Below The Beltway

I believe in the free speech that liberals used to believe in, the economic freedom that conservatives used to believe in, and the personal freedom that America used to believe in.

An Open Letter To Governor Bob McDonnell On Virginia’s Confederate History Month

by @ 9:59 am on April 9, 2010. Filed under Bob McDonnell, History, Virginia, Virginia Politics

Dear Governor McDonnell:

I am writing to express my profound disappointment your decision earlier this month to issue a proclamation designating April to be Confederate History Month in the Commonwealth of Virginia. Speaking as someone who voted for you last year based on the campaign you ran, this is not the image of the Old Dominion that I want to see spread across the nation, and I think it’s unfortunate that you choose to issue a proclamation that has resulted in just that.

First, it was an egregious mistake to fail to include any reference to the role that the institution of slavery played in the run up to the Civil War and in life in Virginia under the Confederacy. As you said in the amended proclamation that you issued yesterday afternoon “the institution of slavery led to this war and was an evil and inhumane practice that deprived people of their God-given inalienable rights.” While you corrected this mistake yesterday, it is disturbing to me that you, or someone in your office, apparently considered the very reason for the Civil War to be irrelevant to a proclamation about the Civil War.

More important than the omission of slavery, though, is the very idea of having a “Confederate History Month” in the 21st Century. It’s worth noting that in his Cornerstone Speech in March 1861, Confederate Vice President Alexander Stephens called slavery and the subjugation of  an entire race to be the cornerstone upon which the Confederate States of America were founded. Setting aside a day to commemorate such a government, or even just Virginia’s involvement in that government,  is not in fitting with the image that Virginia, one of the birth places of the American Revolution and home to some of it’s greatest Presidents, should be projecting to the rest of the United States and the world.

As the public reaction to the proclamation has made clear, the idea of Confederate History Month is understandably offensive to African-American citizens of Virginia. At the same time, though, I do recognize the fact that many Virginians have family members who served in the Army of Northern Virginia who believe that their ancestors should receive some remembrance for the sacrifice that they made.

Here’s an idea.

Instead of marking Confederate History Month, the Commonwealth should designate April of each year, and April is appropriate because it is the month in which Virginia’s involvement in the war both began and ended, as Virginia Civil War History Month.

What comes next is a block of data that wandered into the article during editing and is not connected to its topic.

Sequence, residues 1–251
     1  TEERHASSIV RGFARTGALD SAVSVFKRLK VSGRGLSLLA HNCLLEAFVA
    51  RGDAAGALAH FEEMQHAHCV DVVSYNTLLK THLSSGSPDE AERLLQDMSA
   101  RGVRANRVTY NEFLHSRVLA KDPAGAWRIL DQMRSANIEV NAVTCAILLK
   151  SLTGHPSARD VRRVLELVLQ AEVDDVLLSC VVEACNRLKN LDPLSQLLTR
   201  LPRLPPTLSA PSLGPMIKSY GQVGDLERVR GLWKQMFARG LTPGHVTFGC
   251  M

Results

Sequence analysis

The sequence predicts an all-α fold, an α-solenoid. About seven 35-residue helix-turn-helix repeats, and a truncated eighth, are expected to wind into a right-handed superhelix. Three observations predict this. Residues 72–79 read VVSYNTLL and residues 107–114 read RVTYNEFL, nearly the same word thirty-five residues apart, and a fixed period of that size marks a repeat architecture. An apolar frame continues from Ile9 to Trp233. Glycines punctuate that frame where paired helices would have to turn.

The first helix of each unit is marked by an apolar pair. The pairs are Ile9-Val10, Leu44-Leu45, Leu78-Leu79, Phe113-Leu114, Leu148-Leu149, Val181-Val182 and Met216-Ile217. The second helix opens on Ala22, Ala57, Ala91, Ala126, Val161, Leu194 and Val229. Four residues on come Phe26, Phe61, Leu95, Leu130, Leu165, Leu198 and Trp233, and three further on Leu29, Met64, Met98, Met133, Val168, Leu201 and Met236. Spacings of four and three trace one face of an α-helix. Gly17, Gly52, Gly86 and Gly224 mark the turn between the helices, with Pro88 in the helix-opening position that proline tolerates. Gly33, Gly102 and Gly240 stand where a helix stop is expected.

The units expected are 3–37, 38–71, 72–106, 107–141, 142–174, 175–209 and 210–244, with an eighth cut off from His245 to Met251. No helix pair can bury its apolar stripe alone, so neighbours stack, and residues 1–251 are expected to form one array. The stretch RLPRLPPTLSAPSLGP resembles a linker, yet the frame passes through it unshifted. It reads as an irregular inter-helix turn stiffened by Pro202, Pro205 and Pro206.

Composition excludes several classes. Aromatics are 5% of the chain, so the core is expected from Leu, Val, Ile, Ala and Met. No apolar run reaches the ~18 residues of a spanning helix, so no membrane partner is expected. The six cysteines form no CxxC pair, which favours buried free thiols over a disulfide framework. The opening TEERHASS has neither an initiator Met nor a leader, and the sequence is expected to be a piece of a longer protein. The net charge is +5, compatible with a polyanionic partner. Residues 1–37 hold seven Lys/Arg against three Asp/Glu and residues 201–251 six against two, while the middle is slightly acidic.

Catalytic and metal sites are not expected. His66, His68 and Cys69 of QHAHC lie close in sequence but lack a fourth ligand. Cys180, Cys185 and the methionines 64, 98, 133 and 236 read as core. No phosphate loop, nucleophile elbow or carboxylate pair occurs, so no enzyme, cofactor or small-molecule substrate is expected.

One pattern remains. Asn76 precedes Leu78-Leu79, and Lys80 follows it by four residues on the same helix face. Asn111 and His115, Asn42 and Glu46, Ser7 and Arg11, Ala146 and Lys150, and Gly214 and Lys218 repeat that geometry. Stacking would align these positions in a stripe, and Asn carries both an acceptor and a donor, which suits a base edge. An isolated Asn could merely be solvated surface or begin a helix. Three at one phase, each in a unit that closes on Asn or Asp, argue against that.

Instead of just marking the state’s association with a nation with a checkered history, such a month could be a method of remembering the pivotal historic role that the Old Dominion, and it’s citizens, played in the most pivotal event in the history of America. Virginia was, after all, the site of more Civil War battles than any other state, including both the first and the final battles of that war. Moreover, such a month could also serve to remember the Virginian’s who fought for, or otherwise supported, the Union while living in enemy territory; including those Virginian’s who decided to secede from their home state altogether.

Virginia Civil War History Month could serve to remember the Virginians who fought and died for both sides during our nation’s worst time without the taint of honoring a regime created to preserve the institution of human bondage. It could also be a tremendous opportunity to teach people about Virginia’s role in the Civil War, on both side.

We can’t forget the Civil War altogether, of course, but there are better ways to commemorate it than what we are doing this year.

I hope you’ll consider these thoughts next year before signing any proclamation.

Sincerely,

Douglas Mataconis
Warrenton, Virginia

4 Responses to “An Open Letter To Governor Bob McDonnell On Virginia’s Confederate History Month”

  1. Riley says:

    Well said.

    Now can we get that traitor Jefferson Davis’s name off of Route 1?

  2. Riley says:

    He wasn’t even a Virginian.

  3. Let's Be Free says:

    Nice job!

  4. misti furr says:

    Well put!

[Below The Beltway is proudly powered by WordPress.]